The graffiti culture is undeniably a male dominated world. Many speak about graffiti as being a full-contact sport that can be brutal and daunting—definitely not the glamorized lifestyle that social media makes it out to be—but just because it’s predominately male doesn’t mean that there aren’t some female writers that can’t hold their own. Sprayplanet linked up with German artist SIGMA to discuss her history, how graffiti has impacted her life and hit some heavy questions about being a female writer in a male dominated culture. Graffiti as an entity doesn’t care about a writer’s ethnicity, where a person grew up or if a writer is male or female, but it allows people to choose to be a part of the culture in order to push himself or herself beyond certain boundaries that most traditional art forms can place on a creative. SIGMA has found her niche and is doing just that. Her style is clean, unique and holds its own in the ring. Read below to find out more…
SprayPlanet: Let’s begin with the very basics: What do you write, how did you come up with the name, and how long have you been writing? Where do you call home? What’s a normal day in the life of Sigma?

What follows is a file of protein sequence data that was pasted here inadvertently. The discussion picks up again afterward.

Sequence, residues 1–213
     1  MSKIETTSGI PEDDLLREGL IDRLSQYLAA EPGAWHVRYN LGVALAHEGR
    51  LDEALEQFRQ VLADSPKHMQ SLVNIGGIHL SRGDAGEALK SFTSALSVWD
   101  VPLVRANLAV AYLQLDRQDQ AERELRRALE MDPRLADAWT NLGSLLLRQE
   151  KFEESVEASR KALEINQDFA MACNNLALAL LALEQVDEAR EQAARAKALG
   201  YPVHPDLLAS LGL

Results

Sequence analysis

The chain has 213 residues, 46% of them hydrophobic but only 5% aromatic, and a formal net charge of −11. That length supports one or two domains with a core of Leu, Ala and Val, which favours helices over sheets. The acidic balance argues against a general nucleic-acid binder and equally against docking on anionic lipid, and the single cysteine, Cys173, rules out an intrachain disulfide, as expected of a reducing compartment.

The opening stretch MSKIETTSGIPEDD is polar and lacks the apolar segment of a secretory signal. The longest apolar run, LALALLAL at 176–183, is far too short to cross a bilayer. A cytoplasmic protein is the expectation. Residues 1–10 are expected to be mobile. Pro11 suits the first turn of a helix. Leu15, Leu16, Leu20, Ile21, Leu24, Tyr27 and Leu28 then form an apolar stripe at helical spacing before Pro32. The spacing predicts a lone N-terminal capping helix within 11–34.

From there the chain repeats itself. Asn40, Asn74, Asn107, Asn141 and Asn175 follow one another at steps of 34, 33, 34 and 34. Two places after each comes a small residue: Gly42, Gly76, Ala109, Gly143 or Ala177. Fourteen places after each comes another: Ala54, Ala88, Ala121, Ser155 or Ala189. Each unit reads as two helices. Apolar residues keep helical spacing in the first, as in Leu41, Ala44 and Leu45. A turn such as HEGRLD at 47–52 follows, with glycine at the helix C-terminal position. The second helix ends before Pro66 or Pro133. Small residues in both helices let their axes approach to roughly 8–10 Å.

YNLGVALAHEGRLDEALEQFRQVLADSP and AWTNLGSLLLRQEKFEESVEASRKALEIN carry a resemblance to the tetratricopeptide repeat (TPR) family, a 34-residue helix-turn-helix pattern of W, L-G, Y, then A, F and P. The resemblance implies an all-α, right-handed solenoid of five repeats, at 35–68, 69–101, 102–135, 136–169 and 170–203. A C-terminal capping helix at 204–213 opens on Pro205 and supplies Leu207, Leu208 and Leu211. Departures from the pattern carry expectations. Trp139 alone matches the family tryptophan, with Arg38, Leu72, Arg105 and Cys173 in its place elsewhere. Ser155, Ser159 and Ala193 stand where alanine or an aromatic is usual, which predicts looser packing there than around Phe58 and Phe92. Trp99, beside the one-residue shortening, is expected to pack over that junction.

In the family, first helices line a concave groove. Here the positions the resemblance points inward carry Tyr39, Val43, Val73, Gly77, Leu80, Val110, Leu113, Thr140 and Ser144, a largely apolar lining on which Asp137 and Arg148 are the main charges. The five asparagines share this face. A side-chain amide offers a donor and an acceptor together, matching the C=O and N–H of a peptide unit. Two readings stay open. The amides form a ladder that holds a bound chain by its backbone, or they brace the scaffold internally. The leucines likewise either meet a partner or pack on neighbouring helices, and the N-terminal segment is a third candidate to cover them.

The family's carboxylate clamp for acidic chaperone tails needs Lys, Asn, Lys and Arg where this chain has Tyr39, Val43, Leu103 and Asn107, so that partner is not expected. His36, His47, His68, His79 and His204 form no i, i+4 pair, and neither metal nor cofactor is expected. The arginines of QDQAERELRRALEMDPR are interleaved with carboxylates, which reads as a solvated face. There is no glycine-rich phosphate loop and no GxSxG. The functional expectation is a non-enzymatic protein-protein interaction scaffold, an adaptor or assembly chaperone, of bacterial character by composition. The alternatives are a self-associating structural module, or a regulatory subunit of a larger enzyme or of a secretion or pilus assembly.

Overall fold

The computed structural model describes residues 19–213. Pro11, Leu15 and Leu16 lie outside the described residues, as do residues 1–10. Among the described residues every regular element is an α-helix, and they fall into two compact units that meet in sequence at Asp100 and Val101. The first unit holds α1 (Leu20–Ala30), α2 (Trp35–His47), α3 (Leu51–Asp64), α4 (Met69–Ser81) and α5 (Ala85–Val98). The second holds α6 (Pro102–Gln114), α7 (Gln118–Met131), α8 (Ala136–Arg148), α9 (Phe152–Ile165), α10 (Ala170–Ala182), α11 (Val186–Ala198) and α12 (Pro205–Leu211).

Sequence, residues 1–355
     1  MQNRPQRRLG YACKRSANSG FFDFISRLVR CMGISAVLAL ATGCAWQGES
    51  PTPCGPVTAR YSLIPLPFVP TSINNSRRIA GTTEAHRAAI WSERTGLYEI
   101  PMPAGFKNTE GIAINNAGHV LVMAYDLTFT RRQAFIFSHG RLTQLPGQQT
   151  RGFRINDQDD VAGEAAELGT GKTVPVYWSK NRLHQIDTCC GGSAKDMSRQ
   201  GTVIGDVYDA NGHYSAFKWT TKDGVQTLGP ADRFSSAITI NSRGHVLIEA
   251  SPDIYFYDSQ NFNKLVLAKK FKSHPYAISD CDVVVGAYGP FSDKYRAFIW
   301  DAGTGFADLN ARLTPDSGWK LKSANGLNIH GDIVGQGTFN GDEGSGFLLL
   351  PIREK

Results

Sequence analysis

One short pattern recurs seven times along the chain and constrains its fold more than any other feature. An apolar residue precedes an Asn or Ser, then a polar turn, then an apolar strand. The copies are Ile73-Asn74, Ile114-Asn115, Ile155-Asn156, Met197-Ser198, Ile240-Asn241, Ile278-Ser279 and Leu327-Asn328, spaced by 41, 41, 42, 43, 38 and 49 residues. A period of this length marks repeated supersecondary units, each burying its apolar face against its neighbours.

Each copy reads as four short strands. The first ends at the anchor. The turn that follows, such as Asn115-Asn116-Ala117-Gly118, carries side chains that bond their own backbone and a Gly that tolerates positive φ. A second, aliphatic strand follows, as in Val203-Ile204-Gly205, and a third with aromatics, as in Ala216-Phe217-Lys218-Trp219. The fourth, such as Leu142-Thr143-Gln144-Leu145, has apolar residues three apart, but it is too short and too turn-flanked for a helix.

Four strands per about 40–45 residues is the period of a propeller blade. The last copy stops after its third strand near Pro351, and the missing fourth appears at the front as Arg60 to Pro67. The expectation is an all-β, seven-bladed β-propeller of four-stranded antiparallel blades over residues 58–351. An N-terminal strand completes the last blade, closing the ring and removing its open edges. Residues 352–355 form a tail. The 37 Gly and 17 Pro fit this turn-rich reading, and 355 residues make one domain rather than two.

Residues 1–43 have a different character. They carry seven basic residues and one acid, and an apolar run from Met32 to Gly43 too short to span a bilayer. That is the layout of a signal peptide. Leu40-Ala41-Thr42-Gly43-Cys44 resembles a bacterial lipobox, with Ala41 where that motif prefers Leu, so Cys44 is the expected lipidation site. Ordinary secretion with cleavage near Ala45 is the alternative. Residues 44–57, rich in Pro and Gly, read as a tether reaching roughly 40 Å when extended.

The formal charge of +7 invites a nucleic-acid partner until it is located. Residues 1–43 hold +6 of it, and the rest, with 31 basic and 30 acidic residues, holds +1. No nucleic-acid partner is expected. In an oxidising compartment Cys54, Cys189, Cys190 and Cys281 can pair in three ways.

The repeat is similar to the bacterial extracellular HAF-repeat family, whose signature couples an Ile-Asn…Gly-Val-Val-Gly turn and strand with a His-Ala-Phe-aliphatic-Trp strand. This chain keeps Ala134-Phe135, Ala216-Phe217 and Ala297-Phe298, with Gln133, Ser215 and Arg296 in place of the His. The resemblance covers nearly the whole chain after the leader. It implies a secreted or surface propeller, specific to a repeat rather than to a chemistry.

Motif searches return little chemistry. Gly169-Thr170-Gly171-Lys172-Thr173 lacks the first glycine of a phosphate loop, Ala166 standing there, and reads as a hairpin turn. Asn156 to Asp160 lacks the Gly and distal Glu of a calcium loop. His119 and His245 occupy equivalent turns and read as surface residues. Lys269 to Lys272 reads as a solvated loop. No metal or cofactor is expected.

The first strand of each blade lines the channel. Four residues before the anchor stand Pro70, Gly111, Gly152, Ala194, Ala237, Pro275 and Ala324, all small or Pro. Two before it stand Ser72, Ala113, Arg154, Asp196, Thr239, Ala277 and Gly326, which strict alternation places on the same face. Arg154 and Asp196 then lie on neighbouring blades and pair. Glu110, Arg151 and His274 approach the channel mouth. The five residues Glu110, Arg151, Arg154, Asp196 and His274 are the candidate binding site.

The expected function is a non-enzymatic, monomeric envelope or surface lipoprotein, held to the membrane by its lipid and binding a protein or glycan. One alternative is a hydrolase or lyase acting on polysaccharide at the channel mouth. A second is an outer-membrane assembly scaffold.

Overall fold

SIGMA: Since 2014 I write Sigma, mostly I modify my name into Sygma. I chose these letters, because of the variety of the letter structure. I started painting “real” graffiti in 2010/2011. At that time, I wrote a name that contained the letters K, R and B, which did not give me enough creative leeway for designing a good style or a style that would satisfy me. So after three years of painting walls I felt that I needed new letters and new options in creating a solid style. I wanted to develop myself and closed the first chapter in my graffiti life by starting the new one, the SYGMA chapter. My home is a medium-sized university town in the center of Germany, called Goettingen. I was born and raised here and I also started writing Graffiti in this town.
SprayPlanet: At what point in your life did you decide that you wanted to paint graffiti? Did you have a certain moment that ignited that fire to use the spray can as a medium? Or was the direction to paint graffiti gradual and purposeful?